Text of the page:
Who is Liable When Truck Tire “Gators” Cause an Accident?
We’ve all had to deal with this problem at one point or another; road debris is one of the leading causes of environment-based automobile accidents. Anyone who drives regularly—and especially those of us who take long drives between major cities—has likely had to dodge random debris that appears right in the middle of a high-speed lane. In Florida, this problem continues to worsen; Broward County alone collects more than 11,000 tons of debris from local roads every year. This debris ranges from a discarded fast-food bag to unexpectedly large hazards, like mattresses or coolers that have fallen from someone’s vehicle. However, the most common, and arguably most dangerous, type of road debris is the tire-tread left on the road when a big rig’s tire blows out.
The Terrible Risk of Road “Gators”
In the trucking world, these tire treads are known as “gators,” because they resemble the long, jagged jaw of an alligator waiting to bite the next hapless driver. Unlike the discarded fast-food bag, which simply crumples under your tire, or the occasional piece of lumber, which might cause a blow-out of your own, tire-debris gators are enormous, rubber, and often contain metal bands inside meant to strengthen the tire; and, you can’t always dodge them.
When your wheel hits a gator, there’s no telling what might happen. If you’re lucky, the jagged debris may simply shred your tire, and you’ll be able to pull safely over to the side of the road. However, many people who hit gators aren’t so lucky. A gator has the potential to curl and wrap around your tire, destroy your safe contact with the road, and may even get caught in your vehicle’s spinning axle, which can affect steering. Sometimes, the gator will pass harmlessly under one car, only to fly into the air and hit the windshield of the car behind it.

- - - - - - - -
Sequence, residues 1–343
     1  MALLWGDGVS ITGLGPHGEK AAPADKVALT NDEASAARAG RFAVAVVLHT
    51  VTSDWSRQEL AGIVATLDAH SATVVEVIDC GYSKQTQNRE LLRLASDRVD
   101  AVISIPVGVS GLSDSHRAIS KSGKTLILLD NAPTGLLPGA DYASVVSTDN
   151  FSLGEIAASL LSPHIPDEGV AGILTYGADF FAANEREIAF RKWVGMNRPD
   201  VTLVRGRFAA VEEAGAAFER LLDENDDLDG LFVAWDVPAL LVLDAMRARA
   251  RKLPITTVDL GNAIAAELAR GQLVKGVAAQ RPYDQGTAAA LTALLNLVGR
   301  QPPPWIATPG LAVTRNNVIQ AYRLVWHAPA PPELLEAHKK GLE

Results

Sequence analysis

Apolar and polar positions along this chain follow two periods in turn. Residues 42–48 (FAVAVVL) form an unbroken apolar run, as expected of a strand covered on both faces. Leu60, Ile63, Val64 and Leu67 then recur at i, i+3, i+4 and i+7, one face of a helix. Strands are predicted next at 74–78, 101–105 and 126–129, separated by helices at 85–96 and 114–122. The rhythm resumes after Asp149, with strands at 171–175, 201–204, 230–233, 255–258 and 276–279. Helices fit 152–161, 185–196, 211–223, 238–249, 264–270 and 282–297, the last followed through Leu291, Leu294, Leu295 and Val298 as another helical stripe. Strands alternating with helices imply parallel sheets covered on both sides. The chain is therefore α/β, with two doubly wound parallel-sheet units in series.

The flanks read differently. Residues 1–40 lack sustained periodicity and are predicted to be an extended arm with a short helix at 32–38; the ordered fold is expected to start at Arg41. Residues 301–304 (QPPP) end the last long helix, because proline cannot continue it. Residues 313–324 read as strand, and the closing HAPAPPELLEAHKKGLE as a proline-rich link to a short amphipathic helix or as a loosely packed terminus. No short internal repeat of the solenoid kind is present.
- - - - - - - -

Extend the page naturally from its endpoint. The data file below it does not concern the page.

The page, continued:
All things considered, it’s no surprise that gators cause thousands of automobile crashes every year. These accidents include both vehicles driving erratically to dodge gators and vehicles striking them directly. The question is: who is liable in a gator-related accident? Who is responsible for removing them from the road?
Who Is Liable for Crashes Caused by Tire Debris Gators?
Road debris is a fact of life. Things fall out off of pickup trucks, fly out of vehicle windows, and sometimes a driver may even purposefully toss his trash without waiting for the next gas station. But regardless of whether intentional or accidental, the driver/owner of the source vehicle is generally legally responsible. However, most drivers fail to take this responsibility seriously.
In the case of gators caused by big-rig trucks, the trucking company is almost always legally at fault. This is true for two main reasons:
First, it is the trucking company’s responsibility to inspect the tires of each rig before its departure. This inspection is to ensure that the tread of the tires, which breaks off to make a gator, is secure and in good condition, and thus not at risk of causing road debris in the first place.
Second, road debris is generally the responsibility of the driver whose vehicle shed it. Just as a pickup truck driver may be liable for a mattress or ladder that falls out of the back of his truck, truck drivers or their parent companies may be liable for gators from their trucks that are not dealt with in an appropriately safe manner. If there is a gator in the middle of your lane, or even on the shoulder where you may need to pull off for safety reasons, removing that gator is the responsibility of the truck driver and the trucking company. They may also be responsible for damage that stems from any accidents caused by their gators.